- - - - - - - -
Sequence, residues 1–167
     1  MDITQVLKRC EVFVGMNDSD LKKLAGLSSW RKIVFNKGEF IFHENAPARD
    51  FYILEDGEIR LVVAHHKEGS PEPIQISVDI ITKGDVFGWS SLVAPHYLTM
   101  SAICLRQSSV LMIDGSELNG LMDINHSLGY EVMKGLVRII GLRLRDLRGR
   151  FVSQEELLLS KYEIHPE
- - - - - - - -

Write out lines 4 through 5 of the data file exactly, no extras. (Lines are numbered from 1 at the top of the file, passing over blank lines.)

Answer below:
   101  SAICLRQSSV LMIDGSELNG LMDINHSLGY EVMKGLVRII GLRLRDLRGR
   151  FVSQEELLLS KYEIHPE